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Abstract

The image inverse problem is the problem of reconstructing an image given its degraded
or compressed observation. Some previous solutions to this problem use generative adversarial
networks (GANs), but the representation capabilities of such models cannot capture the full
distribution of complex classes of images (e.g., human faces), thus producing sub-optimal results.
Our work examines the image-adaptive generative model, proposed in Hussein et al (2020), that
purports to mitigate the limited representation capabilities of previous models in solving the
image inverse problem. To this end, we implement the proposed model from Hussein et al (2020),
which makes generators "image-adaptive" to a specific test sample. This model consists of three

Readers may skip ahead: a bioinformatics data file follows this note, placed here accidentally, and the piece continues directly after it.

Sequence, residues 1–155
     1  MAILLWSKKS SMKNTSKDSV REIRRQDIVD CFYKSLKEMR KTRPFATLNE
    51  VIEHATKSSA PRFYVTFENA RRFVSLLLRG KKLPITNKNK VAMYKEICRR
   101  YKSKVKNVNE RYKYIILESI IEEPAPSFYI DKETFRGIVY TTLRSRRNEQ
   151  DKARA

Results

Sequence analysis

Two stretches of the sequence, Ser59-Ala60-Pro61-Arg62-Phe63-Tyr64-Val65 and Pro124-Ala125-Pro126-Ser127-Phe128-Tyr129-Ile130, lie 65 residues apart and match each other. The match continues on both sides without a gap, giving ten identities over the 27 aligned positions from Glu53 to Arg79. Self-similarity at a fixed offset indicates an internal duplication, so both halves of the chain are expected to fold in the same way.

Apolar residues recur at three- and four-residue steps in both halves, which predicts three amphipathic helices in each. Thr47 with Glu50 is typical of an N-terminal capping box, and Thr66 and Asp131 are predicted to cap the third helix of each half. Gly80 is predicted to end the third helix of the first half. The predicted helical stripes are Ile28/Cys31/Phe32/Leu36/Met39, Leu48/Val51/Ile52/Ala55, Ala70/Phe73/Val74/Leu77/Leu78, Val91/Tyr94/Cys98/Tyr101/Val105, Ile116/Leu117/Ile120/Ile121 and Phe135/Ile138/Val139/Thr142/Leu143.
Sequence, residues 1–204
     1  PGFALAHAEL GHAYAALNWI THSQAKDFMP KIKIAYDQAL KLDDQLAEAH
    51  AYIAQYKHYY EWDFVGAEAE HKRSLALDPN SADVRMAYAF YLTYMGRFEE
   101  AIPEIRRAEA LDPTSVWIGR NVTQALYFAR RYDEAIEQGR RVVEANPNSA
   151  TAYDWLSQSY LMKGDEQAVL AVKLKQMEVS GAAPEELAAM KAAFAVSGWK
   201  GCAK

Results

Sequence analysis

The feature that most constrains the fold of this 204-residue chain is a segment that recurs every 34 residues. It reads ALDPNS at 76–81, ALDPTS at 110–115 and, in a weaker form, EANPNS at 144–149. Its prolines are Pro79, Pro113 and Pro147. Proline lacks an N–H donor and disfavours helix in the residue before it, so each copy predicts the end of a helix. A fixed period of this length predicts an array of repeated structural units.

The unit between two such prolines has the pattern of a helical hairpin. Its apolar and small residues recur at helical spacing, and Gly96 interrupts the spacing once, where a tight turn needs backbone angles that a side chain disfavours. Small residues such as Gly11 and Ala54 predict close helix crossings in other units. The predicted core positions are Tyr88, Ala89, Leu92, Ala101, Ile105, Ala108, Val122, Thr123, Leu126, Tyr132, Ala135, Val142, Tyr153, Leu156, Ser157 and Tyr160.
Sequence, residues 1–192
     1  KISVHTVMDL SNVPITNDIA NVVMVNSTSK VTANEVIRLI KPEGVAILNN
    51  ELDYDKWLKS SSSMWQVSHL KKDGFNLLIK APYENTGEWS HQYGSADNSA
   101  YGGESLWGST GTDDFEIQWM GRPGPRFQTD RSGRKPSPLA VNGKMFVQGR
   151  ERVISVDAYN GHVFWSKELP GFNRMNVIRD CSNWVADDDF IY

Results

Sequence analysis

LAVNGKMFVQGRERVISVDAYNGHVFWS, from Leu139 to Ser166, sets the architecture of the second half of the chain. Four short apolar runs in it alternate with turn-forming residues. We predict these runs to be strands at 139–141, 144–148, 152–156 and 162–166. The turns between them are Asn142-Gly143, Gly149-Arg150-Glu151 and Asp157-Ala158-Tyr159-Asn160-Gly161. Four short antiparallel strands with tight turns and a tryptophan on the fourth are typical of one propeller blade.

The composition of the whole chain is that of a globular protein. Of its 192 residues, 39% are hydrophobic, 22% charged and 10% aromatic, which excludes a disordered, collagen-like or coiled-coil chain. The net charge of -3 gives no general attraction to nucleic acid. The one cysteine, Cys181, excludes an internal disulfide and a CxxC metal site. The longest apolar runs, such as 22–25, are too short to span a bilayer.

successive optimization stages: the non-image-adaptive "compressed sensing using generative models"
(CSGM), the image-adaptive step (IA), and the post-processing "back-projection" (BP). Our results
demonstrate that the two image-adaptive approaches--IA and BP--can effectively improve reconstructions.
Further testing reveals slight biases existing in the model (e.g., skin tones), which we conjecture to
be caused by the training dataset on which the model is trained. Finally, to explore more efficient ways
of running the model, we test out different numbers of iterations used for CSGM. The results show that we
can indeed decrease the number of CSGM iterations without compromising reconstruction qualities.

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Authors

Antonio Marino ('23), Yilong Song ('23), and Daisuke Yamada ('23), under supervision of Professor Anna Rafferty. Carleton College.